This wouldn’t be the only case of the true crime genre on Netflix violating privacy. According to Ashton William’s thesis on the Ted Bundy biopic “Extremely Wicked, Shockingly Evil and Vile,” “there is no indication that any of the victims’ family members were consulted about the film’s use of their loved ones’ names and likenesses.”
Nonetheless, Box Office Mojo states that the biopic grossed $9.8 billion, and similar to “I Am a Killer,” the true crime genre earned praise and fortune from the stories of people who never asked for it to be shared.
Parker suggested creators “make sure not to desensitize the case as much as possible and add personal details and characteristics of the victim, and also … include a tribute at the beginning.”
Others feel there are certain topics that should be avoided when releasing true crime media.
“[Creators] should not release personal information and should stay away from certain pictures like genitalia, facial damage, etc.,” Smith said. “For example, there’s no reason to go through their hobbies or bank statements if the crime is known to be random. Also, there should be no victim blaming, such as making statements about what they should have done to avoid the crime.”
Victim blaming is a consequence of weakened empathy, and it’s becoming much more common. What was once material restricted to certified psychologists and criminologists has become accessible with just a few Facebook searches. Memorials to the deceased, these abandoned social media accounts are a breeding ground for defamation of the victim.
Such defamation occurred alongside the Netflix documentary “American Murder: The Family Next Door,” which focuses on Chris Watts, who murdered his pregnant wife and two young daughters. The late Shanann Watts was a stay-at-home mother who expressed herself through her job as a social media representative for Le-vel, a pyramid scheme. Though her active Facebook presence implied an idyllic marriage, many were quick to point out signs of its downfall.
This commentary grew into a subreddit dedicated to Shanann Watts discourse. Theories such as Shannan Watts suffering from narcissism or Munchausen syndrome by proxy and citations of testimonies from in-laws and her Facebook uploads overlapped her image as a betrayed wife.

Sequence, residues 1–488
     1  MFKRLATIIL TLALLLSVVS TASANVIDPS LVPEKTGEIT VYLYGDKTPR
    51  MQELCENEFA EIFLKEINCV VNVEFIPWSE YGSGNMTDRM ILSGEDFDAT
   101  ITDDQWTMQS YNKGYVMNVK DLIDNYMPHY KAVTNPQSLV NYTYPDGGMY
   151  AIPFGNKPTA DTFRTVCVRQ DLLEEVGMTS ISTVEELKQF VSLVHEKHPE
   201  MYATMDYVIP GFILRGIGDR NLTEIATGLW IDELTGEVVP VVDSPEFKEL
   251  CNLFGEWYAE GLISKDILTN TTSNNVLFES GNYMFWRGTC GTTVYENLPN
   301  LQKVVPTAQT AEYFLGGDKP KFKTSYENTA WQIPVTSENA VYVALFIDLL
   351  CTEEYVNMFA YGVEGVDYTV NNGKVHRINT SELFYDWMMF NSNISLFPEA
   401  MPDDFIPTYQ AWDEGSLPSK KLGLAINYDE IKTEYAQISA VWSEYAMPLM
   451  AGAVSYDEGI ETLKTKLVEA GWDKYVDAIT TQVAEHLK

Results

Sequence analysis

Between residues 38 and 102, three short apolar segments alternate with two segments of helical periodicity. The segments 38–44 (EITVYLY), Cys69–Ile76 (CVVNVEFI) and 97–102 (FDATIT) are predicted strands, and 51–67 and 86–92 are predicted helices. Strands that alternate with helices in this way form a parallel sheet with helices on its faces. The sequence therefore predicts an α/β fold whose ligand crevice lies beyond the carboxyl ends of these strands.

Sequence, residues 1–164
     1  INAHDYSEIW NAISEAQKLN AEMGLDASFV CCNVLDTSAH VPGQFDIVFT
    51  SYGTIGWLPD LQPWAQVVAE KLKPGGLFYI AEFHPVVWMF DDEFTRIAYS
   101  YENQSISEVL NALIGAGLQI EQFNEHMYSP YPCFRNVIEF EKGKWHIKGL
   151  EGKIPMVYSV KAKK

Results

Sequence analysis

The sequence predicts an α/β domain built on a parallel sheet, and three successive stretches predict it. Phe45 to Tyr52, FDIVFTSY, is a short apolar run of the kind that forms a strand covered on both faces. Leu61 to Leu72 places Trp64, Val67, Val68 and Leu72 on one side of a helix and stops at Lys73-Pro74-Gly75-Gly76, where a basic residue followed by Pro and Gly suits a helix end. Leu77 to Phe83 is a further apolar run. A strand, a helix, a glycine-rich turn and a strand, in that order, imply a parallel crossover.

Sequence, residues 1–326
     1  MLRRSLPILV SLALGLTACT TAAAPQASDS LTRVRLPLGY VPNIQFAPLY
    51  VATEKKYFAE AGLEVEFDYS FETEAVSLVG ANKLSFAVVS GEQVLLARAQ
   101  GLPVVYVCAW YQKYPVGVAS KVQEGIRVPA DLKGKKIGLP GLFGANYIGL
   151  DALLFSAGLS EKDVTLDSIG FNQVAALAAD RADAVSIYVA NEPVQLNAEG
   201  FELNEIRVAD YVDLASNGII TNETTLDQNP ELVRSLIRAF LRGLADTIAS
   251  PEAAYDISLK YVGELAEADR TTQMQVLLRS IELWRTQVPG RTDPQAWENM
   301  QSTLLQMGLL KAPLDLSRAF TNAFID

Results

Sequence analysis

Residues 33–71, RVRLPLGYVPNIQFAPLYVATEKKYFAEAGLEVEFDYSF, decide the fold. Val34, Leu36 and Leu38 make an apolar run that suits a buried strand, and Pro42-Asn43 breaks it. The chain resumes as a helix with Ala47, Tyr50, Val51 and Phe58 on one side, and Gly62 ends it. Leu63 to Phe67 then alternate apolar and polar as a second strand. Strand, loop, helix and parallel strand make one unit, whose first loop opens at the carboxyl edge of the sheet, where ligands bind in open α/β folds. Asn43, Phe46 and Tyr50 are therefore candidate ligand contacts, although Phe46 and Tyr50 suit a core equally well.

Media coverage preyed on the accusations against her. In the film “Chris Watts: Confessions of a Killer,” there were implications he was the victim of an abusive marriage and was prompted to seek comfort from his caring mistress, Nicohl Kessinger. The defenseless Shanann Watts became the villain that terrorized her husband, a narrative that denied her loved ones of closure and forced them to see her reputation tarnished, at the expense of entertaining fans with the “two sides to every story” trope.
True crime is not supposed to be an outlet for passing judgements and flexing a basic knowledge of psychology. When indulging in the absurdity of true crime, it is important to remember that these stories are the harsh realities faced by victims, their families and even the families of their killers. Legal justifications don’t immediately equate to permission from those impacted.
A true crime story is more than the gore of a leaked autopsy report or suspenseful cinematography. There is a silenced victim, whether it be a mother, child or neighbor, unable to decide if that’s what they want for their legacy.
Sarah Munson is a junior majoring in professional and public writing with a specific focus on technical writing. In her free time, she enjoys studying film, comedy and history, as well as drawing and designing.